1. The insolvency jurisdiction is conferred upon She-High Court by Section 18 of the Letters Patent and' that-section gives the High Courts the power to hear an appeal from the Commissioner in Insolvency. Section 15 of the Letters Patent provides for an appeal to the High Court from the judgment of two Judges of the High Court who differ in opinion. The appeal from the Commissioner is hoard by the High Court and (leaving out of consideration Section 73-of the Indian Insolvency Act) Section 15 of the Letters Patent applies to the judgment in it unless there is something in some other section of the Letters Patent which prevents its application. Section 18 confers the power to hear the appeal, the power that is to say which is given by Section 73, but it does not of itself deny the right of further appeal, and there is thus nothing in the Letters Patent to prevent the application of Section 15. But Section 73 of the Indian Insolvency Act provides that the order made by the Court of Appeal shall be final and conclusive. If, however, that provision is inconsistent with the provisions of Section 15, then by virtue of the provision of Section 11 of the High Court Act,; 24 and 25 Vict., Ch. 104, it is not applicable to the High Court,
2. We think therefore the preliminary objection fails. This appeal being argued on merits on Wednesday and Thursday, the 2nd and 3rd days of March, 1910, and having stood over for consideration till this day, the Court delivered the following judgments:
3. In this case it was suggested on behalf of the Official Assignee that we should consider whether, in the event of a decision that the insolvents held the money in a fiduciary capacity, the money could be followed, the contention being as I understood it that the cash balance in the hands of the insolvents at the date of the insolvency was insufficient to meet the demands upon them by persons entitled to be paid in full as out of trust funds. This question was not raised below and no evidence was adduced as to the sufficiency or insufficiency of the assets held in cash at the time of the insolvency; we therefore declined to allow it to be argued in this appeal, On the merits I agree in the conclusion arrived at by Abdur Rahim, J., that at the time of the insolvency Mr, Lupprian was simply a creditor of Arbuthnot & Co. to the amount of his current account. There can be no doubt that on the 10th of October, 1906 the money was the banker's money. A mere direction by a customer to a banker to apply money at credit of the former's account in a particular way has never, so far as I know, been held to altet the relationship between the banker and the customer; there must, it seems to me, be something to show that the banker not merely undertook to change the position in the future, but that by taking some step to apply the money or otherwise, he did effect a change 'of position. Here I do not think there is any evidence of change of position. I find nothing to indicate that Lupprian intended the money to be transferred from his current account to any other account. Till the purchase of the promissory note, the money was to remain the banker's money. On the 10th of October Lupprian was told that Ms instructions (to buy the promissory note) would be carried out in due course. What then was the agreement? Messrs. Arbuth-not & Co. owed Lupprian, say, Rs. 1,000. Lupprian says. 'Instead of paying me what you owe me buy me a Government promissory note;' and Messrs. Arbuthnot & Co. reply 'We will do so in due course.' There is nothing that I can see in the affidavit, which forms the only evidence, to suggest that the purchase was to be made with Lupprian's money and not with rbuthnot's money which they owed to Lupprian, nothing to suggest; that either party treated or intended to treat the current account as closed before the purchase, to suggest, i.e., any transfer made or intended to be made of any of Arbuthnot & Co.'s funds to a trust fund of which Lupprian was the beneficial owner. Lupprian might no doubt have directed Arbuthnot & Co. to transfer the money to another account and Arbuthnot & Co. might or might not have agreed to do so, but it seems to me that the affidavit does not disclose any such proposal on Lupprian's part. Arbuthnot & Co. promised to buy him a Government promissory note and so pay their debt and then failed to do so before they stopped payment. I do not think that there is anything more in the case upon the evidence, and I must hold that at the date of the insolvency the money was held by Arbuthnot & Co. as debtors of Lupprian and not in a fiduciary capacity. It is then argued for the respondent that the Official Assignee can be required to perform the contract and buy a Government promissory note for him. It is probably a sufficient answer to that contention that that is not what is asked far in the notice of motion. It was not suggested that the learned Commissioner should either specifically enforce the contract or give the respondent damages against the Official Assignee. I would therefore allow the appeal with costs throughout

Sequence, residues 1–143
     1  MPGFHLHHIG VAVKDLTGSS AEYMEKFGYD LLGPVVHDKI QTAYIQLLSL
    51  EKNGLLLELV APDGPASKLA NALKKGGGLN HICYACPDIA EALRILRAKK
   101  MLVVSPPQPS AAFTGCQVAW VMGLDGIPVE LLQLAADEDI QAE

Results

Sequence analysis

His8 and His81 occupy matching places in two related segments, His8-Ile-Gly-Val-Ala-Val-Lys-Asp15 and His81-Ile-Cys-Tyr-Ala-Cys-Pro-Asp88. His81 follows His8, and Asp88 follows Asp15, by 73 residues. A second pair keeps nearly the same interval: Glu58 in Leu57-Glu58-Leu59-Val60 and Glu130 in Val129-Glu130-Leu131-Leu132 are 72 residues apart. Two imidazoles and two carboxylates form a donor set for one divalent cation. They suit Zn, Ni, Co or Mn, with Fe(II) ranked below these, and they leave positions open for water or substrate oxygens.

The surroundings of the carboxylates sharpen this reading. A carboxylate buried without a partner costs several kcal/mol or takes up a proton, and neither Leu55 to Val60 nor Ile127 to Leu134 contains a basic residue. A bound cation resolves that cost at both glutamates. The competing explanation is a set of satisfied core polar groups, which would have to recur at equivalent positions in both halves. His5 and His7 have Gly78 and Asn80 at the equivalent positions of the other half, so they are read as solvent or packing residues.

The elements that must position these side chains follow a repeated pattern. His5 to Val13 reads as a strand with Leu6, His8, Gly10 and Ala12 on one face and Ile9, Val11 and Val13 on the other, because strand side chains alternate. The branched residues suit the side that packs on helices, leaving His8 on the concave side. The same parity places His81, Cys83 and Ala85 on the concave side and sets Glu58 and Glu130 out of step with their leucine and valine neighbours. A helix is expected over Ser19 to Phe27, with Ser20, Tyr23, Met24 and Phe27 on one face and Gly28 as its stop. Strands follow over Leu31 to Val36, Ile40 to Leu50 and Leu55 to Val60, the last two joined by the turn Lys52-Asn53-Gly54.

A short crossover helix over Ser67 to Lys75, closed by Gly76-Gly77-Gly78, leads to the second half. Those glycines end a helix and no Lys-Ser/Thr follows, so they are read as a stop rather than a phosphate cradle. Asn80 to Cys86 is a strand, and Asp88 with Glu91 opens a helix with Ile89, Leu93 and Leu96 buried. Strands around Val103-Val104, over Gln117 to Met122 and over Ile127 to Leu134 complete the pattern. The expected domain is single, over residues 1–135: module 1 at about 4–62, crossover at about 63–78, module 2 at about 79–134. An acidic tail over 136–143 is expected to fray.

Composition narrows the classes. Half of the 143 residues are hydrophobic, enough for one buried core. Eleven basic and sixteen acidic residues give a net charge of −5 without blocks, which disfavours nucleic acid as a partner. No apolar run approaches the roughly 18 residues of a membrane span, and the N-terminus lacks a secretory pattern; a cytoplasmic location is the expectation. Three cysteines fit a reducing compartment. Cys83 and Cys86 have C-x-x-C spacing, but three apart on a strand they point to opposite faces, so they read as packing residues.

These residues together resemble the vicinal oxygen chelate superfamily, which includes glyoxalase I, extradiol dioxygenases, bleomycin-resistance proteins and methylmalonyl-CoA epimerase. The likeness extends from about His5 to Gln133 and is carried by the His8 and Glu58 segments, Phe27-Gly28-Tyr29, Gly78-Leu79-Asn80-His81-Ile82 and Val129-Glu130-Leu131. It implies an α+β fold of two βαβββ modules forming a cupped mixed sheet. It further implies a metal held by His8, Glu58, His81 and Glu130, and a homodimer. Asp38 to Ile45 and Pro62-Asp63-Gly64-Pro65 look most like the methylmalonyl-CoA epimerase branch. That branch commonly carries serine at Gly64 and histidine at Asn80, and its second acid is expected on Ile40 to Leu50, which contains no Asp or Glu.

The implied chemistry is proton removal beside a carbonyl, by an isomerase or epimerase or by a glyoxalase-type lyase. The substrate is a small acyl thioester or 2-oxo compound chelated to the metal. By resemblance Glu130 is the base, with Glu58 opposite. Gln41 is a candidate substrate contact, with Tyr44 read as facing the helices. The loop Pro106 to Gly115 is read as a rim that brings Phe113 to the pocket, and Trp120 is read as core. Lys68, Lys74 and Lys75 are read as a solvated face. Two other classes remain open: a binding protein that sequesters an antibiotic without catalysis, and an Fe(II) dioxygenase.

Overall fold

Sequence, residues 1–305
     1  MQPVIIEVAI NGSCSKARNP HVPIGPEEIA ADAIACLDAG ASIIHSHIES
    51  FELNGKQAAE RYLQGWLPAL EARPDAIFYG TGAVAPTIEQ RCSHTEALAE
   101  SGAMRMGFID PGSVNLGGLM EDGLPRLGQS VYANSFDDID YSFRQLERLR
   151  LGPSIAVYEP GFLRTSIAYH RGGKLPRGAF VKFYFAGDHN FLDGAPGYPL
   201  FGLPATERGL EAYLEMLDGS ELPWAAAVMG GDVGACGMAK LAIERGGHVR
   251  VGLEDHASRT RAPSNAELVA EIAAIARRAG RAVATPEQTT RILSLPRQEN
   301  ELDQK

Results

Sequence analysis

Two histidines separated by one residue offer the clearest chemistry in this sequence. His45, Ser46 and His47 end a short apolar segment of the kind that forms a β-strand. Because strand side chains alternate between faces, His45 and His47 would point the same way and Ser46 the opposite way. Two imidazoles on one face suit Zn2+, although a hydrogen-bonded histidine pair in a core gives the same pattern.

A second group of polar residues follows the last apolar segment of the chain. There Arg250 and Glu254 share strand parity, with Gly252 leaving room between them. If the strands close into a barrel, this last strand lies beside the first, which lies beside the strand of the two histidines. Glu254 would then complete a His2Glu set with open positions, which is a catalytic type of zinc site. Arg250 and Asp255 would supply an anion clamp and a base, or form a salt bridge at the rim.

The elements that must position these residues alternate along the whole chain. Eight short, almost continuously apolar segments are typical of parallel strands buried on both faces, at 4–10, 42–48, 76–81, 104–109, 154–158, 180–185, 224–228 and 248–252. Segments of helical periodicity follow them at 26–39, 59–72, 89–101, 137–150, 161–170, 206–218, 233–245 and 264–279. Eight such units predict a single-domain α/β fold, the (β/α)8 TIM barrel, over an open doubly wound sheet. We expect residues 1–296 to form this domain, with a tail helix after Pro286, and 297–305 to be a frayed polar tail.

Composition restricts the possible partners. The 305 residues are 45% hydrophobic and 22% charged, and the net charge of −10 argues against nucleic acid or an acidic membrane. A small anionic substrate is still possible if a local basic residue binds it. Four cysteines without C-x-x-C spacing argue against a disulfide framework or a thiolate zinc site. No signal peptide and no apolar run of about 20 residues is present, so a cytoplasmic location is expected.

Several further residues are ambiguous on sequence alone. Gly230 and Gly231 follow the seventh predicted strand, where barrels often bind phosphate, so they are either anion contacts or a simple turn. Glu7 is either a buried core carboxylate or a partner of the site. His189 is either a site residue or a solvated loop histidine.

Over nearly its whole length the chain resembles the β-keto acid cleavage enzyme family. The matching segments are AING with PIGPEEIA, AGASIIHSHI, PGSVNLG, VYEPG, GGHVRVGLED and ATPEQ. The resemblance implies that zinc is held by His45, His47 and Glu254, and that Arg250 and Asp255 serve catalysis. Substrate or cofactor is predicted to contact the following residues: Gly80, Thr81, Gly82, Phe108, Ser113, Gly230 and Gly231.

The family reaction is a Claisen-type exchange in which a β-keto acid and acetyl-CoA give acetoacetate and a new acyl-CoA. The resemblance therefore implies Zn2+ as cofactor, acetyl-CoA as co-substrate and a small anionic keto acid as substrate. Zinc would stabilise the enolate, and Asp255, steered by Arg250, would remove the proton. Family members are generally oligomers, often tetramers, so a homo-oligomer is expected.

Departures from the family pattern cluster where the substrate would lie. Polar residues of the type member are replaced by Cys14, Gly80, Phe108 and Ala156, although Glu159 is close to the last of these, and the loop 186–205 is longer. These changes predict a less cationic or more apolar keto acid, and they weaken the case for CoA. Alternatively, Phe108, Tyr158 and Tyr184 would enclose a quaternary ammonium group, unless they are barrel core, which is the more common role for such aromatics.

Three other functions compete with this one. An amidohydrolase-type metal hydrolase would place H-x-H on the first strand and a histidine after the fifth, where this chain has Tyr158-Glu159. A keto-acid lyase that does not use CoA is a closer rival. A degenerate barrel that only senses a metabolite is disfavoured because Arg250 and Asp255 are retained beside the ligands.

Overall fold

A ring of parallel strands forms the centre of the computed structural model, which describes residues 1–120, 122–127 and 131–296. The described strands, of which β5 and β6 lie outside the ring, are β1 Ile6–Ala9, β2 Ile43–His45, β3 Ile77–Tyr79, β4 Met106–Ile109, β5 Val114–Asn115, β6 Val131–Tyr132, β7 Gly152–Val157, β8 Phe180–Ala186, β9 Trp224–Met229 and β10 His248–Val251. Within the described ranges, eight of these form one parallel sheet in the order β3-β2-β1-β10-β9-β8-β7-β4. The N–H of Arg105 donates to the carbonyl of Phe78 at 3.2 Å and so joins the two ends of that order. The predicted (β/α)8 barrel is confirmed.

4. On further consideration I have come to the conclusion that the view which I formerly took of this case cannot be supported. All that appears in this case is that the respondent directed Arbuthnot & Co. to buy a Government promissory note for Rs. 1,000 on his account, that Arbuthnot & Co. undertook to do so, and that the respondent had at the time to the credit of his current account a sum sufficient to cover the cost of the note. There is nothing to indicate that the ordinary procedure should not be followed, viz., that Arbuthnot & Co. should buy the note and debit the respondent's current account with the cost of it. The direction of Arbuthnot & Co. was a direction to purchase out of their own funds, for the amount standing to the respondent's credit was not the respondent's money, but merely represented the extent to which Messrs. Arbuthnot & Co. were his debtors. The bars undertaking by Arbuthnot & Co. to purchase the note could not have the effect of transferring the ownership of the sum of money necessary for the purchase from Arbuthnot & Co. to the respondent. The undertaking was nothing more than an undertaking by Arbuthnot & Co. to purchase with their own funds. I am therefore of opinion that nothing had occurred at the date of the insolvency to affect the relation of debtor and creditor which previously had existed between Arbuthnot & Co. and the respondent and agree in allowing the appeal with costs throughout.
Abdur Rahim, J.
5. I concur and do not wish to say anything more than what I have already said.